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Harvey Milk

by Legacy Staff

Harvey Milk was 48 when he was assassinated 35 years ago. He said, ‘It’s important to be authentic. No one can make you hide.'”

In the mid-1970s when homosexuality was considered a mental illness by some and criminal by others, Harvey Milk prepared for his first run for public office as an openly gay man. His nephew Stuart was 15 at the time. He remembers telling his uncle, “I don’t know if you need to be so loud.”

Milk’s reply? Being out and proud was the only way to fight the lies and myths about homosexuality. It was the only way those who blindly hated would realize that their sons and daughters and friends and neighbors were gay and lesbian. It would destroy the distortions and perhaps bring people together.


“He said, ‘It’s important to be authentic. No one can make you hide,'” Stuart recalled recently. “‘Do not put on any masks. Your authenticity is what the world needs.'”

Harvey Milk was 48 when he was assassinated 35 years ago in November 1978. He had held his seat on the San Francisco Board of Supervisors for less than a year.

In that brief time, he sponsored a ground-breaking civil rights bill outlawing discrimination based on sexual orientation and, perhaps more importantly, inspired and excited like-minded thinkers, igniting change that continues today.

As President Obama noted in 2009 when he awarded Milk the Presidential Medal of Freedom posthumously, “In the brief time in which he spoke and ran and led, his voice stirred the aspirations of millions of people.”

Milk knew his politics and public pronouncements made him unpopular in some circles; he frequently predicted he wouldn’t live past 50. “If a bullet should enter my brain, let that bullet also destroy every closet door,” he famously said in one speech.

Stuart Milk was 17 when his uncle was killed. Stuart said he’d long felt “different.” At the time, he wasn’t ready to say gay. He confided in his uncle that “I felt the weight of the world, like I didn’t see the world like anyone else,” Stuart said. The pair had several long conversations about Stuart’s feelings, but Stuart never said he thought he was gay and Harvey never asked. He gave Stuart a book that conveyed the message: Your differences are medicine for the world even if the world doesn’t know it. The fact that you’re different makes it even more important. Never give up.

Stuart made his first public speech as an activist at Oberlin College in 1984, when he joined a friend onstage to speak of Harvey Milk as a civil rights hero on par with Martin Luther King and to stress the importance of the LGBT equality movement. But it would take 25 years for Stuart and Harvey’s friend and campaign manager Anne Kronenberg to create the Harvey Milk Foundation, a non-profit that seeks global equality for LGBT persons.

This is how it happened: In 2009, Stuart went to Washington, D.C., to accept the Presidential Medal of Freedom on behalf of his uncle. Bishop Desmond Tutu was there. As Stuart described it, there was a brief but pivotal exchange, during which the South African human rights activist pointed at him and in a calm tone said, “You need to do more. Harvey Milk is a martyr. Martyrs have a way of freeing people”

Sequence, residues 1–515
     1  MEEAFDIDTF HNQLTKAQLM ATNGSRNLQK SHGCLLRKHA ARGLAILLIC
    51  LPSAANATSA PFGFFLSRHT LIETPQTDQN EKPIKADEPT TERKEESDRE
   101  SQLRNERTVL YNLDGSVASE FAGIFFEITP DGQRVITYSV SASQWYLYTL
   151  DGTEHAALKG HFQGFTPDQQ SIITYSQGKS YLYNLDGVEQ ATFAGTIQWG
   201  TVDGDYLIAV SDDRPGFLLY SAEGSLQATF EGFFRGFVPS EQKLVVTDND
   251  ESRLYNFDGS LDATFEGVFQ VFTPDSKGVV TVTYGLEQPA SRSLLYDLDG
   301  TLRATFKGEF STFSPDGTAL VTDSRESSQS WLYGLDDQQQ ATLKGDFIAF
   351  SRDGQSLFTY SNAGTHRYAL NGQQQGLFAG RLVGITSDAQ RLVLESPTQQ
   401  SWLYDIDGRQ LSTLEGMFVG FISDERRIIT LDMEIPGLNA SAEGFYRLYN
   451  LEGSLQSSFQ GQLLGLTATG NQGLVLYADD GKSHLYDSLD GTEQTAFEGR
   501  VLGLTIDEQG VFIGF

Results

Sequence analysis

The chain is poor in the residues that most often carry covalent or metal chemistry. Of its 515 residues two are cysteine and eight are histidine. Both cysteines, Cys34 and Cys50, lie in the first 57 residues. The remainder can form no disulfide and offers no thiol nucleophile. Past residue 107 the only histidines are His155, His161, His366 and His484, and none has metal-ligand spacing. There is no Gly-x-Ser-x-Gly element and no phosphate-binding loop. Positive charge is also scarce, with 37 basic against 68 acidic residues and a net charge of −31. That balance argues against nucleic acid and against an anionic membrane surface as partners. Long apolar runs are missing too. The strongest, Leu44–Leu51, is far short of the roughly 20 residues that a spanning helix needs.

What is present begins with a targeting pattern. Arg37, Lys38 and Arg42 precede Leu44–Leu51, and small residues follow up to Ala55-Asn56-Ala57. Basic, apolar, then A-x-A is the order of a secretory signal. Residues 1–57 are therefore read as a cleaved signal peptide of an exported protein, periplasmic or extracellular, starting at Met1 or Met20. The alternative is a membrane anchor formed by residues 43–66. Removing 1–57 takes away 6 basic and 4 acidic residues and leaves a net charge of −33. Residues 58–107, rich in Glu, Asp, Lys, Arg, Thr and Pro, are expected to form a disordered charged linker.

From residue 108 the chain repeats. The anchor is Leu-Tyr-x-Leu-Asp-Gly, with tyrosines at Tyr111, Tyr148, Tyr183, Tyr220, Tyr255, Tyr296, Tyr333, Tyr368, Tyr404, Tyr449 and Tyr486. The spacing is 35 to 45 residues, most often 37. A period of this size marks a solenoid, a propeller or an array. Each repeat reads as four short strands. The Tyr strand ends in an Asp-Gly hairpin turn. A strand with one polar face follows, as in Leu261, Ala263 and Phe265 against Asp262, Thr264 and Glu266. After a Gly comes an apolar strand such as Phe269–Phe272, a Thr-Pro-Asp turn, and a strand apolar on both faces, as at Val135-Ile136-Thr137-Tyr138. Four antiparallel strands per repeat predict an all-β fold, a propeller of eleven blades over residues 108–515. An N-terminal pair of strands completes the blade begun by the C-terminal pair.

“The weight of the moment was pretty heavy as it was,” Stuart recalled. “Then you have a Nobel Peace Prize winner saying, ‘You can free the world.'”

The foundation uses Milk’s ideas to inspire people around the world. “Harvey believed broad public education and dialogue was paramount to his life’s work as a civil rights leader and, as if riding on Harvey’s shoulders, the Milk Foundation seeks to inspire individuals, communities and organizations to carry on his values,” the organization’s website says.

The foundation’s focus is global because the U.S. already has a multitude of organizations with the same mission, Stuart said. He described the progress as “two steps forward, one step back.” Some areas of the world, like Eastern Europe, not only continue to deny equal rights to the LGBT population but are also repealing the rights of other persecuted populations like Roma, Jews and women. The foundation advocates for marginalized groups to join together to speak with one strong voice. It’s a strategy Harvey Milk used to great success during his run for office.

“His example of collaboration is really very powerful and probably is what got him elected,” Stuart said.

Stuart has seen some slow change. On a recent trip to Germany, he was asked to speak during a Mass held at the Archdiocese of Berlin. “The priest that conducted the Mass talked about the movement of the Pope on issues of inclusion,” Stuart said. “It was very moving to see the hope of the congregation.”

Other trips have been less inspiring, but still show the movement is inching forward. Just this July in Lithuania, Stuart marched in the first Baltic Pride parade. He was pelted with eggs. When someone attempted to brush the eggs off him before he gave a speech, Stuart declined, and the image of him speaking while covered in eggs was picked up by the local media.

“I said, ‘They can throw eggs at me. At my uncle, they sent bullets. But you cannot stop the message,'” Stuart said. “Everywhere we go in the world, people know Harvey Milk. We always look up to martyrs, people who put their lives on the line to move humanity forward but ultimately pay the price.”

Natalie Pompilio is a freelance writer based in Philadelphia. Her lifelong love of obituaries raised eyebrows when she was younger, but she’s now able to explain that this interest goes beyond morbid curiosity. Says Pompilio, “Obituaries are mini life stories, allowing a glimpse into someone’s world that we’re often denied. I just wish we could share them with each other when we’re alive.”

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